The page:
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A Yom Kippur Thought

13 Sep

For the last two weeks, excluding Rosh Hashanah I have been attending slichot, the nightly requests for forgiveness and purity. The slow and somewhat haunting melody in which sections of those petitions are uttered, serve to stir the soul to action and cause serious introspection. As the nights advance, the urgency increases. The slichot on the evening before Rosh Hashanah are the most lengthy, repeating and repeating the cycle of a beautifully crafted poem, with its allusions to the characters and stories of the Bible, followed by an impassioned crying out of the Thirteen Attributes of Mercy. Although not required, these late night pleas for mercy are recited standing, which often leads me to feel the process both physically and spiritually, especially for the marathon session that precedes Rosh Hashanah.

Some features are repeated nightly, others are specific to that day. The central poem, known as the pizmon, which is different each day, hit on the major themes of this season. They are packed with beautiful imagery, and lyrical perfection. For me however, the daily inclusion of Shma Koleinu (Hear our voice), arouses the most intense feelings. We ask God to hear us and have mercy, to return us and bring us close, to not distance Gods holiness from us, and to not cast us off in old age. The simplicity of those words, especially when contrasted with the sometimes complex nature of the liturgical poetry, creates, for me, a sense of nervous anticipation. Not only do I want God to do those things, but I also want to earn that relationship.

During the week between Rosh Hashanah and Yom Kippur, the slichot become shorter. Amid the imagery of God sitting with a scale and weighing the merits and demerits, is a distinct feeling of hope and certainty that we have done enough to tip the balance in our favor. In other words, the more assured we become the less we feel the need to cry out for compassion. However, there remains that little bit of doubt, and that, in essence is the source of my nervous but hopeful anticipation.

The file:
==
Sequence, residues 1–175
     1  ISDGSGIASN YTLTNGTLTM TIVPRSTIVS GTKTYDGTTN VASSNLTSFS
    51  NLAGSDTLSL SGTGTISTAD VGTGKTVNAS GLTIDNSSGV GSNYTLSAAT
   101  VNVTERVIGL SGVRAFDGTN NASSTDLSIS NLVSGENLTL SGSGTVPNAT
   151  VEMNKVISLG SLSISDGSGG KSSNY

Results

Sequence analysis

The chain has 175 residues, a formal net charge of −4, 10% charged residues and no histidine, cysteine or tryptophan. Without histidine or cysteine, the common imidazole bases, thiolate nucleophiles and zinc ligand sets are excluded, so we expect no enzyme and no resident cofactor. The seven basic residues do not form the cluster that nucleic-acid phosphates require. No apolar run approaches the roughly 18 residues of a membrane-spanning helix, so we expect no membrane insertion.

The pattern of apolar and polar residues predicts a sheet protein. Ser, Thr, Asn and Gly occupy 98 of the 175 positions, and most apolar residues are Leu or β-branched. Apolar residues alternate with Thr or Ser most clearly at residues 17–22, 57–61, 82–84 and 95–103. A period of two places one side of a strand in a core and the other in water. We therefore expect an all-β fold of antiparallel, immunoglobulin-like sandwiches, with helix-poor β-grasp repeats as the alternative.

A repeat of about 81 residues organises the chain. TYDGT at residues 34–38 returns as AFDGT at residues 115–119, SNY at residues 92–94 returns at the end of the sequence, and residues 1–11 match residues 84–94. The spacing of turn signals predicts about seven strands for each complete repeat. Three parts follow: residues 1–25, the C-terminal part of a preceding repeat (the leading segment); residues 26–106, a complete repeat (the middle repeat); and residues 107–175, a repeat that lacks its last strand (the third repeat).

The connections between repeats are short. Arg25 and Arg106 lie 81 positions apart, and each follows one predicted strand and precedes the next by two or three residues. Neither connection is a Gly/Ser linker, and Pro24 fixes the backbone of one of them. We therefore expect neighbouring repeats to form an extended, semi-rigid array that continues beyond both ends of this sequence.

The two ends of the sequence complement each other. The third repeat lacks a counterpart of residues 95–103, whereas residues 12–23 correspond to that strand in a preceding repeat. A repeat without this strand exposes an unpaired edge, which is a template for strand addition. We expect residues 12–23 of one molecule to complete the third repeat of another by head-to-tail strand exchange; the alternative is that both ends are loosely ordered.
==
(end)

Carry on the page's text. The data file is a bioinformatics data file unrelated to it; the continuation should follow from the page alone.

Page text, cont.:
Gmar chatima tova.

Through the Silence

24 Dec
English: Mostar - church and mosque

English: Mostar – church and mosque (Photo credit: Wikipedia)

Moments after the departure of Shabbat this week, I walked slowly, even delicately, in the direction of my yeshiva dorm almost as if I did not want to make any noise that would shatter the lingering quiet of Shabbat. Having just said ma’ariv (evening service), I knew that Shabbat was over for me and the the week was beginning, albeit in earnest.

With my prayer just concluded, another suddenly began. One by one the mosques in the Arab villages surrounding Alon Shvut began the call to prayer, the sound waves emanating from the minarets. Each muezzin, whether recorded or live, expertly pronounced every syllable of the adhan. Together they formed a surround-sound, stereo-esque sensation deep within my ears. As a result of the broken silence it would have been relatively easy to be frustrated with the overwhelming waves of sound. However, I realized that it is only because of the much-diminished Shabbat traffic on the local roads that I was able to hear so precisely the words echoing from the neighbors. On my way to the dorm I passed the yeshiva’s dining hall where the students within were cleaning up en-masse from the final Shabbat meal, in preparation for the new week, before themselves returning to the beit midrash for their own ma’ariv.

Here we are, located in an area of political controversy and historical religious significance. Each group carries a national narrative to which it clings. Those factors sometimes result in feelings of tension and distrust. Even as we live different lives, our lives are linked by common periods of prayer. Each invokes the name of God multiple times daily at prescribed times that are at least somewhat dependent on the combination two celestial bodies and their times of rising and setting, a commonality that easily goes unnoticed.  More often than not, the sounds and rhythm of daily responsibilities mutes the possibility of recognizing common practice, and in fact, it was Shabbat itself that facilitated my discovery of a truth that I suppose had been known only intuitively.

I paused on my walk, frozen in my tracks, not paralyzed, but wanting to preserve the moment, to cradle it for as long as possible. Usually t’fillah is thought of as a means of connecting the human to divine. Perhaps it can be a vehicle for linking humans to humans. With that thought I walked off into the darkness, the new week in its infancy, with the hope that others can share my epiphany.